Say what you mean
Language in the resolution guiding nonprofit funding states: “Nonprofit agencies will be funded only through a performance contract that is monitored and evaluated by the contracting department throughout the year and only renewed if the performance criteria have been achieved.”
However, Xpress learned that fourth-quarter performance reports aren’t available until after commissioners vote on the next year’s round of community grants.
Last fiscal year, commissioners doled out about $1.2 million in community grants. And earning a fourth-quarter “below performance standard” mark did not disqualify an organization from getting more money, despite language in the nonbinding resolution stating otherwise. In fact, of the 10 nonprofits deemed below standard last year, eight were funded again for the current fiscal year. Some of those agencies partially achieved their goals, while others failed to meet any of their benchmarks.
So what happens if the county pays for part, or all, of a project that doesn’t hit agreed upon metrics? “There is no financial payback penalty associated with performance targets,” says Rachael Nygaard, the county’s human services planner. “It is a factor for consideration that might affect future funding. That’s why reporting is on an ongoing basis throughout the year, so commissioners and the public have access to how the grants are doing in achieving results.”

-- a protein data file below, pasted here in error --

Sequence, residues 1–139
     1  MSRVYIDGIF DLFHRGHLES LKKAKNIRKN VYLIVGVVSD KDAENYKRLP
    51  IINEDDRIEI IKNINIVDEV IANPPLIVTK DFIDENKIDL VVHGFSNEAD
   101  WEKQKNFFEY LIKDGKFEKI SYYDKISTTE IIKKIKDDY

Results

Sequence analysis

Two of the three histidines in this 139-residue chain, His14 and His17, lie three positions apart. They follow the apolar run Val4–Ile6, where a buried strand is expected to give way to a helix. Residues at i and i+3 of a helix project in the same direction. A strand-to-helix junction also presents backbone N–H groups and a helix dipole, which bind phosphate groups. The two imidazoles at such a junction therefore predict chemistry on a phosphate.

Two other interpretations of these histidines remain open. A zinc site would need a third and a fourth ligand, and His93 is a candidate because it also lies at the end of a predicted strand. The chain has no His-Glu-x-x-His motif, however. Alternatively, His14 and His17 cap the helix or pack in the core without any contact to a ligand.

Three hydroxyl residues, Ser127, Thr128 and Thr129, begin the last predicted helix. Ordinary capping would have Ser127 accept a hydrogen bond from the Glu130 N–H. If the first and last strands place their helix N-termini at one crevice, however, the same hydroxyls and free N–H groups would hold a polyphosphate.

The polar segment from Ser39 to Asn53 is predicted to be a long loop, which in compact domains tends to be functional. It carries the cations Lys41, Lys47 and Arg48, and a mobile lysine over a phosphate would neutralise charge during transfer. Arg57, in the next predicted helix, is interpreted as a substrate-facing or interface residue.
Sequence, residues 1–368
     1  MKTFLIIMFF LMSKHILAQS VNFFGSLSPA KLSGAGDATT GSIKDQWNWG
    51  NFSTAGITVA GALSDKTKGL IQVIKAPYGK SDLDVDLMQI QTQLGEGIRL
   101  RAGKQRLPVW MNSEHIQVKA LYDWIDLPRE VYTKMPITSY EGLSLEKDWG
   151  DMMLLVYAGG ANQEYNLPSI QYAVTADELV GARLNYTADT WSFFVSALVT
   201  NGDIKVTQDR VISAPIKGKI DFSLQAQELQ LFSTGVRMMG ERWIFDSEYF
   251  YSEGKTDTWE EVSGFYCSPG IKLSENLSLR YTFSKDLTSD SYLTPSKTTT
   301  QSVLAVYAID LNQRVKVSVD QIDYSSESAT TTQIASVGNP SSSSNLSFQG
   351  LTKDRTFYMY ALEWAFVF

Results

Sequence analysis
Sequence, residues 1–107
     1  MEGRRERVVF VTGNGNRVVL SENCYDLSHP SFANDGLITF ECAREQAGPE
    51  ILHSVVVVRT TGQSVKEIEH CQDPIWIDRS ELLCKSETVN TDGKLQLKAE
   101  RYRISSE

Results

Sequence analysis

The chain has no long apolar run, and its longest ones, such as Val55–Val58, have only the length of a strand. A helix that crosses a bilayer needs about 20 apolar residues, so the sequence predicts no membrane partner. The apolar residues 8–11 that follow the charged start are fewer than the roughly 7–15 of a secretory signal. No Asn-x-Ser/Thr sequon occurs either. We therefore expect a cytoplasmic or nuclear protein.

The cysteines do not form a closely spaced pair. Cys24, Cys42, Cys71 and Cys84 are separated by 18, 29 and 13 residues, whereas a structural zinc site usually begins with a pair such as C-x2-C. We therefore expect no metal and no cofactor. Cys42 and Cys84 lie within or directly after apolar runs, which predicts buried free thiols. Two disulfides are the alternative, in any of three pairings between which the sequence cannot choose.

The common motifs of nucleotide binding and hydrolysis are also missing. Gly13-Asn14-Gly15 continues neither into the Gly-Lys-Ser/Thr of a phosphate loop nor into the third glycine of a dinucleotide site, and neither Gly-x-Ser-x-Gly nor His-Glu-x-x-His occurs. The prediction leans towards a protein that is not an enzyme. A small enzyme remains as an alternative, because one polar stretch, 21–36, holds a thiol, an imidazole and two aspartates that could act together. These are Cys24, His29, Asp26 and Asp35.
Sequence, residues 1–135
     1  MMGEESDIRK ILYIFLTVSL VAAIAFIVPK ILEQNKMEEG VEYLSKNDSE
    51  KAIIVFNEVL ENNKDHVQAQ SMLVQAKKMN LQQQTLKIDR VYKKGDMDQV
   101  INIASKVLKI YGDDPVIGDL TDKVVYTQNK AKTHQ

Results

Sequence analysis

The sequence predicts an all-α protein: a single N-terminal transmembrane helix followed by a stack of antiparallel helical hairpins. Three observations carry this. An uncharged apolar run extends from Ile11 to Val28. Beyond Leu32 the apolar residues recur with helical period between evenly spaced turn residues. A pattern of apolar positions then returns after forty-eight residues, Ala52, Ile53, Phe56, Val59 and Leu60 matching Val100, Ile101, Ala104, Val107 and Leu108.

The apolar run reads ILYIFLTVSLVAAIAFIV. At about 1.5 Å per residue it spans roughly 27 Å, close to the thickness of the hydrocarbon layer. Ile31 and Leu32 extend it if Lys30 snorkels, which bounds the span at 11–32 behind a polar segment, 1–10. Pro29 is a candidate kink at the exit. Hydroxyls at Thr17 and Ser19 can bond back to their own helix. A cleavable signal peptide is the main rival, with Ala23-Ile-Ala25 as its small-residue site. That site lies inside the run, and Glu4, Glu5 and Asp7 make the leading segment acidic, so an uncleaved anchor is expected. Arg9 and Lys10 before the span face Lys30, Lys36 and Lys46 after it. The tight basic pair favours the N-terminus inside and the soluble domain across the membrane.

Of the eight nonprofits with one or more projects currently below 75 percent of its goals, according to the third-quarter report, all are asking for funding in the upcoming fiscal year.
“Reports are provided to commissioners and county leadership quarterly, by request. And we publish that information,” said Nygaard when asked about how commissioners access the information.
Xpress reached out to all seven county commissioners, via email, asking for a simple “yes” or “no” reply regarding whether they use the reports when weighing their funding decisions. Commissioners Jasmine Beach-Ferrara, Joe Belcher, Ellen Frost and Brownie Newman responded that they rely on them for information about an initiative’s effectiveness. The other commissioners did not respond.
After inquiring about some of the potential issues of performance monitoring and final reports disseminated after funding approval, Xpress received the following statement, via email, from county staff: “We will review our use of performance indicators on these reports and assess whether there are improvements we can roll out for fiscal year 2018.”
Meanwhile, it remains to be seen what commissioners will do in regard to footing the bill for projects in the upcoming fiscal year. They have until June 30 to approve a budget. Ahead of that is a scheduled public hearing for the spending plan on Tuesday, June 6.
And as Nygaard noted, “All grant funding decisions are made at the discretion of the Board of Commissioners. We gather, compile and provide information about how current grants are going, and they can use that as a factor for consideration.”
If you would like to review the county’s performance contracts you can find them at buncombecounty.org/community-funding.